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Notes on The Hobbit and The Children of Hurin


May 26 2013, 6:49am

Post #1 of 3 (304 views)
Notes on The Hobbit and The Children of Hurin Can't Post

I recently finished reading The Children of Hurin. Each year, I also read The Hobbit at least two or three times (this year will likely be at least three, possibly more for research purposes - I also use Tolkien's book as a sort of literary sandbox to test out my learning and practice spotting and understanding different elements of literature). This said, as I was reading CoH (which I did by following along with the audiobook read by Christopher Lee) several parallels and notes on The Hobbit came to mind.

Now, the most obvious of these is that both tales were written by Tolkien. However, they were written at different times, with different intentions, different writing styles, and different characters and such. But I sat down and typed up a few notes comparing both works. Any feedback would be appreciated, and please jump in and add any thoughts, parallels, or comments! (Note: if any of this is factually wrong, please inform me and I will edit it. Also, these notes were partly written for those who are not as well-versed in Tolkien lore as some on he forums, so while I realize that most of us know who Sauron or Morgoth is, the notes I wrote were for friends)

The Children of Hurin is set 6500 year before The Hobbit and The Lord of the Rings. While The Hobbit at the time of writing was not fully immersed in the mythology, both tales are nevertheless set in a specific age in Arda.

• Morgoth/Melkor (one of the Valar) is the dark lord and central villain of the tale. He is mentioned in The Lord of the Rings, and his lieutenant Sauron is the main villain of The Lord of the Rings and is mentioned in The Hobbit (as the Necromancer).

• Turin is given an Elvish knife when he is eight years old. As his father Hurin had been to Gondolin, this appears to be a Gondolinian knife. While it is true that there are likely multiple knives from Gondolin, is it not possible that this knife (which Turin gives to Sador) eventually finds its way into the hands of others and ends up in the Troll’s cave, where it is found by one Bilbo Baggins, a hobbit of the Shire? Bilbo’s blade is identified as having come from Gondolin. This blade is later named “Sting” after Bilbo kills spiders in Mirkwood. He later gives this blade to Frodo, which is used in a myriad of contexts but also ironically is instrumental in killing Shelob, who was the mother of the spiders in Mirkwood (and likely related to the Maia Ungoliant).

The Children of Hurin mentions “Sauron’s Isle”. This is actually Tol Sirion, a tower from which Sauron was driven away by Beren and Luthien not long before. This is the only mention of Sauron in CoH, but he is the primary antagonist in LotR and is mentioned in The Hobbit. Interestingly, Tolkien connected The Hobbit and the tale of Beren and Luthien (and subsequently, the rest of the Middle Earth legendarium). How? In an early draft of The Hobbit, he mentions that the Necromancer (Sauron) was driven from his first tower by Beren and Tinuviel (Luthien).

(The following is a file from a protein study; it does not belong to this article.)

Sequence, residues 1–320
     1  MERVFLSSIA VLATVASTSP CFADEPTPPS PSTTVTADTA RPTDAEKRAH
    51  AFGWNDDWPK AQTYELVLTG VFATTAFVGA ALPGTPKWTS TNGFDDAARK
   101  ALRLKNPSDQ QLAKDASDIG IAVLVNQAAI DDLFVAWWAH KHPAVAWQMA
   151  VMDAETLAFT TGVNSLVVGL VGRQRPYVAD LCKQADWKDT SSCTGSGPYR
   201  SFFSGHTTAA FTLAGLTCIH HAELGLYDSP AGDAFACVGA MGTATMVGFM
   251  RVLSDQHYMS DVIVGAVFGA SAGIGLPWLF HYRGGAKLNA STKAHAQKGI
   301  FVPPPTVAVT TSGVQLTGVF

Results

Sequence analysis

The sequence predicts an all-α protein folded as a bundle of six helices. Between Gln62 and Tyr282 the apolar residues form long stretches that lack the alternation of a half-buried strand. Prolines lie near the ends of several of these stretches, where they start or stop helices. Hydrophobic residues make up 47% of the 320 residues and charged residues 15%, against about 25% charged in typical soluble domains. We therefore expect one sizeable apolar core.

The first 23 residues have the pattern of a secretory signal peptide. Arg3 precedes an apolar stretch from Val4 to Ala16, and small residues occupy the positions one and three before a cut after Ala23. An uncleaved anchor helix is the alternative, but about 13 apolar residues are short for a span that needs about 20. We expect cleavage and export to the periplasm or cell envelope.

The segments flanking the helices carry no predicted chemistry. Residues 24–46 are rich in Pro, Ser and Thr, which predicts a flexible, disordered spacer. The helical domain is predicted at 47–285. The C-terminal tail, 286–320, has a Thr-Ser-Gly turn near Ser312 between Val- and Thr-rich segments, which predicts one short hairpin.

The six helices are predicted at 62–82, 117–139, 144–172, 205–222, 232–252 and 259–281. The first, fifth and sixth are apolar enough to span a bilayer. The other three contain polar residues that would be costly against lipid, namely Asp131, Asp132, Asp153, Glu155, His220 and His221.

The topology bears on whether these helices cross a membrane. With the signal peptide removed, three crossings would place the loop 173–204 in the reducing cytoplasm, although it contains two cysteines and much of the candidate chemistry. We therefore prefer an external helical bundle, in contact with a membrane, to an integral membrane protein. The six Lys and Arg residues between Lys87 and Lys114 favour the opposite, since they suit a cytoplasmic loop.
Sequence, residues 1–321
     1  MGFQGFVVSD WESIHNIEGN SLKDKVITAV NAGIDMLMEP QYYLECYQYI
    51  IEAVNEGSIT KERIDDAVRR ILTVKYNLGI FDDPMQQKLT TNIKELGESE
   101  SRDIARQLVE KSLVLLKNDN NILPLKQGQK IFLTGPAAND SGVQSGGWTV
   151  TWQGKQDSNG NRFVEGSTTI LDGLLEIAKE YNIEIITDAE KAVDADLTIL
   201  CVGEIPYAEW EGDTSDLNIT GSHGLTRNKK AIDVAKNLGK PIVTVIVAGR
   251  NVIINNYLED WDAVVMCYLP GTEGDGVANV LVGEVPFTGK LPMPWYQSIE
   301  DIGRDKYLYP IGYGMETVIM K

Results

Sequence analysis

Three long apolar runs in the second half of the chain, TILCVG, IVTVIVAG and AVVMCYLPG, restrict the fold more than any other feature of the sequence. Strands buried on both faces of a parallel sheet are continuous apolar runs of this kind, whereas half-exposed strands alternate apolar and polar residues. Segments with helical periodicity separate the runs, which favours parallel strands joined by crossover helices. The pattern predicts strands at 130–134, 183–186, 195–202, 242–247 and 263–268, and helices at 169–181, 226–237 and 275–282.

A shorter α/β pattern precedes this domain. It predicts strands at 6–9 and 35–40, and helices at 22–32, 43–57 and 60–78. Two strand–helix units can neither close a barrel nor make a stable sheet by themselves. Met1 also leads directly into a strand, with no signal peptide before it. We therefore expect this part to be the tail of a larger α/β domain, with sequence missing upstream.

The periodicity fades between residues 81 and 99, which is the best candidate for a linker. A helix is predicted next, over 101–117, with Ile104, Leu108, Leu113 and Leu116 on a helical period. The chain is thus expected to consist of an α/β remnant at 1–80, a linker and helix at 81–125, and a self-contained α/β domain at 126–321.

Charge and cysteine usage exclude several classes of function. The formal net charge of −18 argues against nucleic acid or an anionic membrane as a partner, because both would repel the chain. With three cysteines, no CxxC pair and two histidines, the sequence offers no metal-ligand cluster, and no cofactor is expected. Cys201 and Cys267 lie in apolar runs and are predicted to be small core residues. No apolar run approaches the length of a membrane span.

• The High King of the Noldor, Turgon, and his Hidden Kingdom of Gondolin feature in part of the CoH. In chapter two, Turgon is seen in the Battle of Unnumbered Tears. In this battle, he uses his sword Glamdring. 6500 years later, the Maia (and Istar) Gandalf (Olorin) finds the Gondolinian blade in the Troll’s cave. Gandalf uses this throughout The Hobbit and The Lord of the Rings.

• The idea of having a dragon as a villain is also seen in The Hobbit. In CoH, Glaurung and Turin face off, and Glaurung tries to use his dragon swoon on him. Likewise, Smaug attempts to do the same to Bilbo – and while Turin directly kills Glaurung, Bilbo is indirectly responsible for the death of Smaug. Glaurung was allied with Morgoth, and based on later texts such as “The Quest for Erebor,” we see that Gandalf partly sent Bilbo and the dwarves on their quest to prevent something similar occurring – he did not want there to be a union between Sauron and Smaug.

• One possible parallel is this: before Turin uses the black sword on himself, the sword itself speaks. This is a magical element or element of fantasy that we also see in The Hobbit, such as when the Troll’s purse (which DanielLB is so fond of) speaks to Bilbo. In both cases, it is an object which speaks to the main character. Though the tone of each work is rather different, this element of fantasy is still seen in both.

• In each tale, there is a dwarf who seeks revenge for something that has transpired. Mim wants revenge for what happened to his son, and Thorin (and company) want revenge on Smaug for killing their people, stealing their treasure and taking over Erebor.

(This post was edited by vexx801 on May 26 2013, 6:56am)


May 26 2013, 8:07am

Post #2 of 3 (140 views)
Interesting [In reply to] Can't Post

More interesting is the possibility the knife mentioned could in fact be Sting

Take this Brother May it Serve you Well
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Hamfast Gamgee
Grey Havens

May 27 2013, 10:56pm

Post #3 of 3 (148 views)
One thing you might have noticed [In reply to] Can't Post

It did not do to be a companion of Turin. I think they all came to bad ends. All of his outlaw companions died, as did Beleg and Gwyndor. And of those that hunted the Dragon all of them but Turn died at some stage. What a happy bunch of bedfellows!


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